The first episode ends on a cliffhanger: Will Elite World’s fashion show to debut a new clothing line fall apart? Turns out the face of the campaign is sick. Another model is sitting in jail for some unclear reason.

But as we turn to episode two — spoiler alert — everything turns out just fine.

If you’re looking for a show that would give you insight into the Orthodox community, you’ve come to the wrong place. But if you’re a reality show junkie, this is right in your wheelhouse.

2 COMMENTS

  1. Thank you! I thought I was the only one who found the show contrived and a bit silly. I couldn’t get past the first half of the first episode. The characters feel stiff, their conversations feel stilted, and the scenes and dialogue feel very, very scripted. Plus, poor Ben seems unable to ignore the fact that the cameras are present, and keeps looking over at them!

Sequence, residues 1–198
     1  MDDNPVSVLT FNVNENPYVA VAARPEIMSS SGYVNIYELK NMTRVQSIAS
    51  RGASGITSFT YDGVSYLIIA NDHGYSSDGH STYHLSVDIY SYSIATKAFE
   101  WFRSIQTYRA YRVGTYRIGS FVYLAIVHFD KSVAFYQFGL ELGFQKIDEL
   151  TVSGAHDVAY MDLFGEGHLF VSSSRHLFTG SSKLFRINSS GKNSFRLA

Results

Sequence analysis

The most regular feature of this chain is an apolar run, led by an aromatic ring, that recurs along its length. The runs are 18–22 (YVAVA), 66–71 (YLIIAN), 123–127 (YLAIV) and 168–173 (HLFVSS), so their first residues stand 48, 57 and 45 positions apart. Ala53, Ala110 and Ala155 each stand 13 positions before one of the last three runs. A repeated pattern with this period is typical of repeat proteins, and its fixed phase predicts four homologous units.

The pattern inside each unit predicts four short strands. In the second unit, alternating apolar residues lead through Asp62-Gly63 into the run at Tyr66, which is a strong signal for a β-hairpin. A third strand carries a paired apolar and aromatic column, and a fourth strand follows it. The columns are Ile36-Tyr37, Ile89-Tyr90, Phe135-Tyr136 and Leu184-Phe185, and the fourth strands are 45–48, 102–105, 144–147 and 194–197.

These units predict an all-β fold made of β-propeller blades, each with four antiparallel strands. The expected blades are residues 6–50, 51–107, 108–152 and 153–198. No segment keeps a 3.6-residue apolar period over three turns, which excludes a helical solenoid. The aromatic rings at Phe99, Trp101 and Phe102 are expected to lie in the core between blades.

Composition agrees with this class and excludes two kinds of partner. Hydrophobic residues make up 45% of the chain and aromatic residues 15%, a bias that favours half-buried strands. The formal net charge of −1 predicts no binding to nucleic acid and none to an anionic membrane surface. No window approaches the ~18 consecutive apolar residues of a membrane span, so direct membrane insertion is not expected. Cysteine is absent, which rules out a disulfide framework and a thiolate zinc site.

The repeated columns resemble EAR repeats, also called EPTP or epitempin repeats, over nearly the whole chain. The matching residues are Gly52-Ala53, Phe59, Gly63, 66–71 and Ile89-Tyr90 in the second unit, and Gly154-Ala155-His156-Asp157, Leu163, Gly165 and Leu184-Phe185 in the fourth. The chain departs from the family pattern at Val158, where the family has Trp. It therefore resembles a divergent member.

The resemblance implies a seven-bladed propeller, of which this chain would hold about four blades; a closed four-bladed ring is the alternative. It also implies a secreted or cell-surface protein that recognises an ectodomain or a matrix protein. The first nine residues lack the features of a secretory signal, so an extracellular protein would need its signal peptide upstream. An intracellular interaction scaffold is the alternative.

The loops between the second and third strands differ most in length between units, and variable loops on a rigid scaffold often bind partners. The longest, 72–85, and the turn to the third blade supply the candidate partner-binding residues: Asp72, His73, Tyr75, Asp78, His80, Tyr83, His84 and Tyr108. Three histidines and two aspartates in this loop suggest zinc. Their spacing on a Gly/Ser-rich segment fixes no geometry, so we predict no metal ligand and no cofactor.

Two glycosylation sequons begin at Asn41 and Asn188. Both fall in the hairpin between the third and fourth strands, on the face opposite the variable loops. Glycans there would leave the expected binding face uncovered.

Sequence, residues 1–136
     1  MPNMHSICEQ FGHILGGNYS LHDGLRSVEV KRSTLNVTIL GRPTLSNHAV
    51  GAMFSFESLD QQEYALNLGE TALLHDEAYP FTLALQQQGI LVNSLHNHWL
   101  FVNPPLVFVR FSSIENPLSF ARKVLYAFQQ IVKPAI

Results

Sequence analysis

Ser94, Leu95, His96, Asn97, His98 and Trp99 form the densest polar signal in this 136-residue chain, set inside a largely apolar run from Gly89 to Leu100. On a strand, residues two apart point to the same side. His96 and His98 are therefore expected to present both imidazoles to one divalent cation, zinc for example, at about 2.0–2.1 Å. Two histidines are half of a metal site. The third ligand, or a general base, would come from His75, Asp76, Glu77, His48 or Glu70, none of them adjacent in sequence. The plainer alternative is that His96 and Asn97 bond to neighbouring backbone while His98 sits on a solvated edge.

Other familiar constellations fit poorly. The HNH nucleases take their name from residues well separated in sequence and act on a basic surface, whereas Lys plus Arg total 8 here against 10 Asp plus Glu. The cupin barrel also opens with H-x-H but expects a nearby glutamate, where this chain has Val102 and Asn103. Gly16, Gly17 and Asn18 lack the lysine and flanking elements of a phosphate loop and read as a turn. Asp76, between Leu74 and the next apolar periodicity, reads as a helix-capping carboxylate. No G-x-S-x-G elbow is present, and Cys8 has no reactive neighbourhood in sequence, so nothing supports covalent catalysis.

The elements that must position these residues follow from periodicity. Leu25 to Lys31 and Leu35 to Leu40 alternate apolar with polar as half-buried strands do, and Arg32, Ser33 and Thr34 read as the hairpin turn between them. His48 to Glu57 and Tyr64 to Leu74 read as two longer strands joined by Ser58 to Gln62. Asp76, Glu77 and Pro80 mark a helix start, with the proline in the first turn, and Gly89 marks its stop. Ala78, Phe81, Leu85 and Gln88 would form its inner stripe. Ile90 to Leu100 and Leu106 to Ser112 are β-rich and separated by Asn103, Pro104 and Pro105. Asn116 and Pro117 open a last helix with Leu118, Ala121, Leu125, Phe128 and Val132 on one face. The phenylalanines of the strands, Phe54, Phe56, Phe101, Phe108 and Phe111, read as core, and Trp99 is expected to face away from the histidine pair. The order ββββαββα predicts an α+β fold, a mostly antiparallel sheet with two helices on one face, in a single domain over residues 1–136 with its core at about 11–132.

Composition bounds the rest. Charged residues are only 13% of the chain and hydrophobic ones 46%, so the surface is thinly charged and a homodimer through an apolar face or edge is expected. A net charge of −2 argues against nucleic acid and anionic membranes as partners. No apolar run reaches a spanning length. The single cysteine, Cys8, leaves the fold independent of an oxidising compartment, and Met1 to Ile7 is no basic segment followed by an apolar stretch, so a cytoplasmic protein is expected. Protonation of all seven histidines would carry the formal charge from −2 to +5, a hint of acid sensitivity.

More power to Julia for leaving the Hasidic community and leading her life on her own terms, but why must her choices be forced upon others? Perhaps there is unaddressed trauma? Either way, proselytizing against an entire Jewish community for non-Jewish consumption—particularly the way it’s done on this show—smacks of something deeply problematic.

  2. These shows are highly scripted and the drama is manufactured. Perhaps you didn’t understand that before watching the show. I am disappointed that the Washington Jewish Week saw fit to print a piece trashing, in rude and personal terms, fellow Jews, for the sin of participating in a reality show that is typical of its genre (scripted, over-dramatic, and with manufactured arguments). If you don’t like the show, don’t watch it (it’s not my bag either). But you shouldn’t watch it and assume you know anything about the lives of the people in the show, and to come out and degrade them in this manner says far more about you than it says about them.